When an area sees a higher number of road travelers, eventually accommodations come into existence for the traffic that passes through. This may range from rooms advertised for rent in a private house or cottage, to public houses and taverns with lodgings in some corner of the building, to inns express-built for the purpose of housing wayfarers. As a rule of thumb, one may assume that the more specialized the establishment is, the higher the prices and the better the quality of accommodations. An inn will have a stable and servants to tend to horses and carriages, rooms ranging from common-area sleeping to high-end private suites, and a variety of food and drink for travelers. A cottager who lets a bed to travelers may or may not be able to offer care for mounts, and the fare they provide will likely be pretty much whatever the family is eating. Even in places where inns and taverns are well established, personal economics may force a wayfarer to use only the low-end services (like a bed in a cottage), if the more commercial services are financially out of reach.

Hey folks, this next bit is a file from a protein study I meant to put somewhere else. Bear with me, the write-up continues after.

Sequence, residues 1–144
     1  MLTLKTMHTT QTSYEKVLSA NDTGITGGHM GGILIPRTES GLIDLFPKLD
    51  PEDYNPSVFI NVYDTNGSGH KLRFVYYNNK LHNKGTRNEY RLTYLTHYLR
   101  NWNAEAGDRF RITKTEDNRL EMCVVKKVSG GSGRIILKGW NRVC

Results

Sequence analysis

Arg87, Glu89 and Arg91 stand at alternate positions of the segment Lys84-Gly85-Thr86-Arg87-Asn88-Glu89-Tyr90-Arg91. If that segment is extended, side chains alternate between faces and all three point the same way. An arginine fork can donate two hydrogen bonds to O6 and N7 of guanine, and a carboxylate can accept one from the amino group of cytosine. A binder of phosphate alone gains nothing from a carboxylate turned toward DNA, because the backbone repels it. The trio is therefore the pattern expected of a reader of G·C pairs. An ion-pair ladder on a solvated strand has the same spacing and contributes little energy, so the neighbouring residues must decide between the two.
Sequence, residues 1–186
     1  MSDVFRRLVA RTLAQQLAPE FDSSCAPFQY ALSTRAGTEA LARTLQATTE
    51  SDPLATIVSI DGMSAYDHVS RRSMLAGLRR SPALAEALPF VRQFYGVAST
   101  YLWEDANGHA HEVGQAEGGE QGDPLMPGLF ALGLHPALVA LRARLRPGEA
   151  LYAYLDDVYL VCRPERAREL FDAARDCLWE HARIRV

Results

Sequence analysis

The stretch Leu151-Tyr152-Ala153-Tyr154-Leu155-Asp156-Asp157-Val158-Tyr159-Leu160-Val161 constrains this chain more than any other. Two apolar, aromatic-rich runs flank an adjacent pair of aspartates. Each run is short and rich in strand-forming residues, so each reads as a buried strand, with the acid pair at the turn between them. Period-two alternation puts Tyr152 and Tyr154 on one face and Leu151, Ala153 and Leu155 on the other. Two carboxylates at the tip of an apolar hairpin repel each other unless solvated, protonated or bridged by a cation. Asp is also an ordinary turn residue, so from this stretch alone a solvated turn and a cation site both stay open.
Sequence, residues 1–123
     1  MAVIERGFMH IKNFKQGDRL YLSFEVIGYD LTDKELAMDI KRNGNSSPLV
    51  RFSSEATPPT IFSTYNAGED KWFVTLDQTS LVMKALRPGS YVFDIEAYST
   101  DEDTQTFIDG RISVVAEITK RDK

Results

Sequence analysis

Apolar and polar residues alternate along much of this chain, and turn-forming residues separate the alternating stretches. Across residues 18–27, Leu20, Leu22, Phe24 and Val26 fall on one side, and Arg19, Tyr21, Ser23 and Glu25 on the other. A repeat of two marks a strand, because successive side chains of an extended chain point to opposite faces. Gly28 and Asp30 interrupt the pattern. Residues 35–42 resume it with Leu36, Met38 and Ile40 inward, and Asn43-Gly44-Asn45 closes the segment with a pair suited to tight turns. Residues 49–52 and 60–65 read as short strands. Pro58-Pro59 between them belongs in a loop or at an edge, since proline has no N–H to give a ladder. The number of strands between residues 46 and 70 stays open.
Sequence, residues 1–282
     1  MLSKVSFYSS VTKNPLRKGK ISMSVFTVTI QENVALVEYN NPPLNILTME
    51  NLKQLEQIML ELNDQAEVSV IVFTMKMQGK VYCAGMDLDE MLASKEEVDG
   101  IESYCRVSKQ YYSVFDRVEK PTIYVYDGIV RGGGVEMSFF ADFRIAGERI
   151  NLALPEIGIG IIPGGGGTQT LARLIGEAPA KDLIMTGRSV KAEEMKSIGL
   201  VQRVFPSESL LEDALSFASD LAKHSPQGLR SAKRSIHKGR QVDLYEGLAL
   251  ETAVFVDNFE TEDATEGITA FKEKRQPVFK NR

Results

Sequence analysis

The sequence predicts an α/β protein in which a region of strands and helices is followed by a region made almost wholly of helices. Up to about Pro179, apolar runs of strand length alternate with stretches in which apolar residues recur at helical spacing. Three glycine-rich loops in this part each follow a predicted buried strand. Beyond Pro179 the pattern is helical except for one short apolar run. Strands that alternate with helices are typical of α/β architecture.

The moral of this story is to consider the density of traffic, how much trade and travelers move through a region, village, or town, how hospitality-oriented a culture is, and what the real cost is to stay in public lodgings versus working out a deal with a local family. This will give you a good idea of what kinds of food and shelter a traveler may have to rely upon when on the road, and what the local “lodgings culture” is like.

Related Post:

Lodgings in Fantasy Settings: Where do Adventurers Spend the Night?